LoneStar Sues Orange In London Court Over Cyberattack

Liberia’s oldest GSM service provider, LoneStar Cell MTN, has sued its rival, Orange, in a London court for damages caused by alleged massive cyberattacks experienced on its network between 2015 and 2017.

Joined in the lawsuit is Cellcom, LoneStar Cell MTN’s main competitor, that was acquired by Orange in 2015.

LoneStar wants legal remedy to assuage the negatively impacted cyber attacks, known in the industry as Distributed Denial of Service (DDoS), had on its business over the two years period that the alleged cyber onslaught lasted.

Reports indicated that LoneStar’s subscribers were unable to communicate during the period as they could not access the network.

Most Liberians also suffered its devastating impact as they were cut off from bank transactions, while corporate office operations were brought to a standstill.

Learning in educational institutions were negatively impacted, even as farmers could not check crop prices.

The John F. Kennedy Medical Center went offline several times as the attacks continued unabated, while infectious disease specialists lost contact with international health agencies.

Telecommunications operatives and IT experts contend that never before had the world witnessed cyber-attacks of such magnitude.

The cyber-attacks attracted the attention of the global IT community, when Eugene Nagbe, then Minister of Information, who was away in Paris when the attacks started, could not reach the country on phone or by email.

His bank card also soon stopped working. An exasperated Nagbe went on French radio to appeal for global help.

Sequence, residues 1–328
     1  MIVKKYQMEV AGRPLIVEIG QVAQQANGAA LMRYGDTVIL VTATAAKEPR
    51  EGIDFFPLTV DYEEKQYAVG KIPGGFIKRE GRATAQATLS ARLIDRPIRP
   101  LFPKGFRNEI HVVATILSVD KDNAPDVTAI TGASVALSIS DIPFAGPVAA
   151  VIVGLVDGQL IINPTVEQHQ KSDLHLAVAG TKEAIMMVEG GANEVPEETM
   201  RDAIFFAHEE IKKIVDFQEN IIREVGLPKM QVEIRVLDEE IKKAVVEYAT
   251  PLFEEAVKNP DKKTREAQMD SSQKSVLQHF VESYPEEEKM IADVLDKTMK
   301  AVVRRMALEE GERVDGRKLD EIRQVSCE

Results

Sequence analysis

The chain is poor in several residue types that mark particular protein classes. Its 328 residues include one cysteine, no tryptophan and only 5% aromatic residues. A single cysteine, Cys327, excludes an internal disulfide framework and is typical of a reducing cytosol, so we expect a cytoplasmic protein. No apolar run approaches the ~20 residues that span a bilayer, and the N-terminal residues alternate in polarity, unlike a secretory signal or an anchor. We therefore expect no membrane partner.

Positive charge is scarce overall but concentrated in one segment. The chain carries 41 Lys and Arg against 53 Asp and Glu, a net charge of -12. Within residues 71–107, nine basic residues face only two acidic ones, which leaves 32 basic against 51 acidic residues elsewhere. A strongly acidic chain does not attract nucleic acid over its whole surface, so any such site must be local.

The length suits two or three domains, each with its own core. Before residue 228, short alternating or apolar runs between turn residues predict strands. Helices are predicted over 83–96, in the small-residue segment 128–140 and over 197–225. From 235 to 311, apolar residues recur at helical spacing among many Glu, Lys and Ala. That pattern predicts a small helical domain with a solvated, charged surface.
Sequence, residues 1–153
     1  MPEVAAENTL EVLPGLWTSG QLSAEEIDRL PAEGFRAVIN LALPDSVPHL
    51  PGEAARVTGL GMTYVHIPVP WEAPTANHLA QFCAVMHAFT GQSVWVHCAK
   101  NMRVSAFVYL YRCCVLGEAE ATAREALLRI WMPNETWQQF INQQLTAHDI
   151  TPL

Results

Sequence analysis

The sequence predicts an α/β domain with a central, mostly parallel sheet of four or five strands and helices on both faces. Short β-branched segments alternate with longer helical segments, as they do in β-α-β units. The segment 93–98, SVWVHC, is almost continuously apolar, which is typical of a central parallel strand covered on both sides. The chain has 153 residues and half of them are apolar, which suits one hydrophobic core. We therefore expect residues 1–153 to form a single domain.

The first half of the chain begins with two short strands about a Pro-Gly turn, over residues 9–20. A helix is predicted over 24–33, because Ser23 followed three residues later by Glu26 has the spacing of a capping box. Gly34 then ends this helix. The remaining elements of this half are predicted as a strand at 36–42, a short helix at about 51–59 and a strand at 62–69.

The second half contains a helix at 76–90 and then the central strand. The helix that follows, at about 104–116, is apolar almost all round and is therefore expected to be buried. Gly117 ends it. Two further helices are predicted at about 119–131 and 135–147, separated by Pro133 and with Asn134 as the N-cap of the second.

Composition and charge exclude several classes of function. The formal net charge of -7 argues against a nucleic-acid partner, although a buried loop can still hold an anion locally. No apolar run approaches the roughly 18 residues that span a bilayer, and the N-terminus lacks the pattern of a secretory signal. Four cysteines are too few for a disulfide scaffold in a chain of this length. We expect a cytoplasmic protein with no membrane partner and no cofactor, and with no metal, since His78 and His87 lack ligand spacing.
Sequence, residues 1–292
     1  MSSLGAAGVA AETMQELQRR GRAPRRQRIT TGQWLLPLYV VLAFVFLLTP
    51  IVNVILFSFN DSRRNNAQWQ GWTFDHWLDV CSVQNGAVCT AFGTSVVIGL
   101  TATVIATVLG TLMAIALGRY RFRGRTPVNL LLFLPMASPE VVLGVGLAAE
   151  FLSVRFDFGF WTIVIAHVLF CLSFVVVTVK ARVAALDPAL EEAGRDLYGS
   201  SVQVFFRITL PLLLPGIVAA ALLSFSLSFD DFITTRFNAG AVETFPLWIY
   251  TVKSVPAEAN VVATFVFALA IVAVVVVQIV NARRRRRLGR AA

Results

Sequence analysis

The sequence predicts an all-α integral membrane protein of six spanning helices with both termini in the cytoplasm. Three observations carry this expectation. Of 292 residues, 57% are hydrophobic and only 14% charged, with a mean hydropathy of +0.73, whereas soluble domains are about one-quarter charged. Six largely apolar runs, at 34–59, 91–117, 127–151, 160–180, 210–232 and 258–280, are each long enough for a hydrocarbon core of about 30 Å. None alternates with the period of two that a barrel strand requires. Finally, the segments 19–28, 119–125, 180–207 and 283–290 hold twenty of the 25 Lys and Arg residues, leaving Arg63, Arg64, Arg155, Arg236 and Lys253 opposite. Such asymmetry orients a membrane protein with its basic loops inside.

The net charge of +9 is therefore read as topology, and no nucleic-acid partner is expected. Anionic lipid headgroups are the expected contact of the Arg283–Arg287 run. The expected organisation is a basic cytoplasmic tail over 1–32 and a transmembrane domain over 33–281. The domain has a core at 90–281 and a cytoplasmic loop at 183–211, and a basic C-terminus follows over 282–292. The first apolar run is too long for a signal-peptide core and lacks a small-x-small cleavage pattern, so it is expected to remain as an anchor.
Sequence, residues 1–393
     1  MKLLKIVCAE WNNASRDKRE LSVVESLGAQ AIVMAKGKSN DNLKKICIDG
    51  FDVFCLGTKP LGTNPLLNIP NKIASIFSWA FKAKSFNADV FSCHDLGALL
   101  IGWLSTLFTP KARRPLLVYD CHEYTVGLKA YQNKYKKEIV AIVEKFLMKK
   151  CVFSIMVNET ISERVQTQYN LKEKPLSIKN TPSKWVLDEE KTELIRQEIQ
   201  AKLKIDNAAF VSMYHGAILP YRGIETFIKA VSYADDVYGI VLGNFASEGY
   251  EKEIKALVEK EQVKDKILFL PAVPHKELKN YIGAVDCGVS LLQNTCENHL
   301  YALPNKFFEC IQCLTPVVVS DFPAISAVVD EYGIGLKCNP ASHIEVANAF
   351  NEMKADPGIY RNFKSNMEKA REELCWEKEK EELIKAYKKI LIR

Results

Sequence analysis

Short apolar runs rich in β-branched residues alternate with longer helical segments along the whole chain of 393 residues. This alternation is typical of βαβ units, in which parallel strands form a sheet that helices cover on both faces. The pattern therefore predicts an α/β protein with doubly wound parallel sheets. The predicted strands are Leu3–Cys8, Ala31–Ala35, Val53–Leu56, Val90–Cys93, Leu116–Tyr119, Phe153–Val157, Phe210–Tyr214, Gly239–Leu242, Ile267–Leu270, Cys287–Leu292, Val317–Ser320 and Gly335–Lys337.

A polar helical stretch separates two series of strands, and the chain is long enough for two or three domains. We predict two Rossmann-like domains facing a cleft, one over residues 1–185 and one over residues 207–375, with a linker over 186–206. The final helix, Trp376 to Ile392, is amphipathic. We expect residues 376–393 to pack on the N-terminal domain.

“The scale of the attacks tells us that this is a matter of grave concern, not just to Liberia but to the global community that is connected to the Internet,” he said.

Indeed, the British Broadcasting Corporation (BBC) noted that it is the first time that a single cyber attack had disrupted an entire nation’s network-albeit without intending to do so.

Two years ago, Kaye, the hacker responsible for the criminal DDoS attacks in Liberia, admitted to his crime at BlackfriarsCrown Court in London, and all the exchanges between him and Cellcom were admitted in evidence.

He was paid US$30,000.00 for the unwholesome act. He bagged 32 months in jail.

Global telecommunications operatives eagerly await the outcome of this trial as it will serve as a test case and a landmark on how to judicially tackle cyber crimes with national and international impact and implications such as the one that happened in Liberia between 2015 and 2017.

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